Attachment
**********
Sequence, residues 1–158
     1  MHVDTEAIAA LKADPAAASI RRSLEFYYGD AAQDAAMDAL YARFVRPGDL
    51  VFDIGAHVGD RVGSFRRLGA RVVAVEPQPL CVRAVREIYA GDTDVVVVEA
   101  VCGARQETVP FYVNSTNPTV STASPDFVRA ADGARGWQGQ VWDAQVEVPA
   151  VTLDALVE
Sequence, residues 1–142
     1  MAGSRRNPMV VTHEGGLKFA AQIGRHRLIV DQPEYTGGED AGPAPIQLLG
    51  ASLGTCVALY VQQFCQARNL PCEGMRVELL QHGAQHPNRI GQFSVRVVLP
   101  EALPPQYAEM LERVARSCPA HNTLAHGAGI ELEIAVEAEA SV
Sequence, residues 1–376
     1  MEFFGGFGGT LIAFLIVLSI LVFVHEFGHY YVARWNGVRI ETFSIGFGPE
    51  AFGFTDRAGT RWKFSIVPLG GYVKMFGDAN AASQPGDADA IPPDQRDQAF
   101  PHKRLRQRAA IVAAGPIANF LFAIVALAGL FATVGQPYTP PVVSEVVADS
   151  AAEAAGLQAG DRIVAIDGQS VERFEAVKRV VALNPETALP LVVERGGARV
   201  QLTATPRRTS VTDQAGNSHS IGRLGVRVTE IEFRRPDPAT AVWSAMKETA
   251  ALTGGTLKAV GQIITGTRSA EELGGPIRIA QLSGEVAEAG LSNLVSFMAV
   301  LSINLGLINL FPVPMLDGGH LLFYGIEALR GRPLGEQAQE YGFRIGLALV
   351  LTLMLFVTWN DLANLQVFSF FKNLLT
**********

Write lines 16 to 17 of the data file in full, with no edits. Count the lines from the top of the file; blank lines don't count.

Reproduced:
   251  ALTGGTLKAV GQIITGTRSA EELGGPIRIA QLSGEVAEAG LSNLVSFMAV
   301  LSINLGLINL FPVPMLDGGH LLFYGIEALR GRPLGEQAQE YGFRIGLALV